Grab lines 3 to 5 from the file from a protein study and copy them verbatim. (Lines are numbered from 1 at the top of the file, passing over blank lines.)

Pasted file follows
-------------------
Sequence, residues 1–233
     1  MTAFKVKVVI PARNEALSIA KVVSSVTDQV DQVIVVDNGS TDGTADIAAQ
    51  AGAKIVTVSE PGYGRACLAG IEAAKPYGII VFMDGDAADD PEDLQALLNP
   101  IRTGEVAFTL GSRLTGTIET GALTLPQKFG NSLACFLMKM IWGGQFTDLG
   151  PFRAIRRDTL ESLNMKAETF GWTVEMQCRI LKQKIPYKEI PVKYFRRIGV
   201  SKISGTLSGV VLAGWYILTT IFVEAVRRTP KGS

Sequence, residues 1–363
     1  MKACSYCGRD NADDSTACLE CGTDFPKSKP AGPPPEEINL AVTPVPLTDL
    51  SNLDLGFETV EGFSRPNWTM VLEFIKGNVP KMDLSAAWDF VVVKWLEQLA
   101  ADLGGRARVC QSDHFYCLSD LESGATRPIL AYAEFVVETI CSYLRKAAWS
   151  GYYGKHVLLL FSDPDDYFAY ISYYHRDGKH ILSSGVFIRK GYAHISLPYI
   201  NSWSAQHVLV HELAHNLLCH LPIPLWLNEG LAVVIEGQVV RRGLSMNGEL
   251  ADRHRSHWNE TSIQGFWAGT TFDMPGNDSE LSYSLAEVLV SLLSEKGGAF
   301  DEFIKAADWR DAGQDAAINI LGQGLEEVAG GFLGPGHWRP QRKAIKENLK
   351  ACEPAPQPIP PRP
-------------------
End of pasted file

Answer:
    51  AGAKIVTVSE PGYGRACLAG IEAAKPYGII VFMDGDAADD PEDLQALLNP
   101  IRTGEVAFTL GSRLTGTIET GALTLPQKFG NSLACFLMKM IWGGQFTDLG
   151  PFRAIRRDTL ESLNMKAETF GWTVEMQCRI LKQKIPYKEI PVKYFRRIGV